“IF OUR BEDS ARE FILLED, IT MEANS WE’VE FAILED.” That’s the striking message in an ad I came across for Mount Sinai Hospital, and it could speak for hospitals across the nation as they transform from being strictly providers of care to promoters of health. The ad does a good job of explaining in lay terms how the new focus on population health management means that “instead of receiving care that’s isolated and intermittent, patients receive care that’s continuous and coordinated, much of it outside the traditional hospital setting.” It spotlights Mount Sinai’s “tremendous emphasis on wellness programs”; its Mobile Acute Care Team, which treats patients at home for certain conditions that otherwise would land them in the hospital; and its Preventable Admissions Care Team aimed at averting readmissions by providing both medical care and help with nonmedical factors that impact health and access to care, like housing and literacy. Not a lot there that hospital leaders don’t already know, of course, but you’ve got to admit, the headline’s a grabber.
WHAT THE HECK IS XENOTRANSPLANTATION? It’s the process of transplanting organs from one species to another, and it could mean that eventually inside some human being will beat the heart of a pig. The hope is that being able to use organs from nonhuman species will make up for the tragic shortage of human organs now available for everything from lung to liver transplants. Xenotransplantation has gotten a big financial boost from biotechnology executive Martine Rothblatt, whose daughter might one day need a lung transplant and whose goal is to create an unlimited supply of transplantable organs. MIT Technology Review’s Antonio Regalado reports that “U.S. researchers have been shattering records in xenotransplantation” by keeping a pig heart alive in a baboon for 945 days and by achieving "the longest-ever kidney swap" between those two species, lasting 136 days. The research is extremely costly and it’s a big leap from pig-baboon transplants to those in which the recipient is a human being. But here’s hoping.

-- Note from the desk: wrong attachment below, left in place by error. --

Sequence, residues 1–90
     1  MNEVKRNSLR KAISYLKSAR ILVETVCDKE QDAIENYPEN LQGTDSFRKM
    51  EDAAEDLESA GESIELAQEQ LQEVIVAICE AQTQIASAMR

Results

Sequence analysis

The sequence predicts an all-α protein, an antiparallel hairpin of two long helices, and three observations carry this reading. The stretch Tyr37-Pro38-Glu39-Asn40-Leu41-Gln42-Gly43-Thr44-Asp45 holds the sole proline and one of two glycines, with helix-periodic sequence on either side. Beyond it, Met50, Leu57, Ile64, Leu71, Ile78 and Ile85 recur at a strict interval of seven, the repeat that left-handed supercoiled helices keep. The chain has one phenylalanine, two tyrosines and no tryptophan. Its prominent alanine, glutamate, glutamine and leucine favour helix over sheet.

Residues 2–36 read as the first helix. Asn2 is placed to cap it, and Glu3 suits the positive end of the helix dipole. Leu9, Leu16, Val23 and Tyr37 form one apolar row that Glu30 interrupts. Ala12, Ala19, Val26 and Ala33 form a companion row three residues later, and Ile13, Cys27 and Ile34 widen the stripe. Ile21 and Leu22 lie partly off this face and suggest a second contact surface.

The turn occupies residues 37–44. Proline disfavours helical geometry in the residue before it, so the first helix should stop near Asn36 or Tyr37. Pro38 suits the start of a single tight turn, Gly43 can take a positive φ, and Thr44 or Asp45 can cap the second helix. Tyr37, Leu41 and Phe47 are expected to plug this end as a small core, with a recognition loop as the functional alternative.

BIG MAC NOT SO HOT IN CLEVELAND. At least not at the Cleveland Clinic, which on Sept. 18 will usher McDonald’s off its premises. Is it part of a trend? Since 2009, six other U.S. hospitals have bid McDonald’s adios. National Public Radio’s Allison Aubrey reported Wednesday for "All Things Considered" that the move is part of Cleveland Clinic's’ efforts to promote a culture of wellness among employees and patients. McDonald’s protests that it has added healthful items to its menu, but others note that burgers, fries and soda remain the top sellers. They also make for a pretty inexpensive meal, so the Cleveland Clinic says it will look to replace McDonald’s with a vendor that serves both healthful and affordable food.
DON’T PANIC, BUT ICD-10 STARTS IN JUST 40 DAYS. The American Hospital Association has put together a handy, dandy checklist for hospital leaders to share with their coding transition teams to make sure everything is ready to go on Oct. 1. It’s divided into three sections: Check Internal Systems, Verify External Partner Readiness and Consider Financial Protections. It’s worth a look even if you’re pretty confident you’ve got all your ducks in a row.
I HATE TO GIVE AWAY AN ENDING, but I can’t resist sharing these words of wisdom that closed an article in last Sunday’s New York Times Magazine by Lisa Sanders, M.D. She’s quoting a fellow physician, Robert Kavaler: “Forty-five percent of the time, a patient is in your office for nothing. Fifty percent of the time, it’s for the usual stuff. It’s that 5 percent of the time, when someone has something weird that you have to be alert for. Because if you miss it, that’s when something bad can happen.” Sanders writes the “Well” blog on the Times’ Web page and the “Diagnosis” series that runs periodically in the magazine. Each installment focuses on one individual with an unusual or hard-to-pinpoint condition. The article takes you from the time the symptoms first manifest themselves to the process by which clinicians figure out exactly what’s ailing the patient and how to treat him or her, often including wrong assumptions and misdiagnoses along the way. They always make for fascinating reads.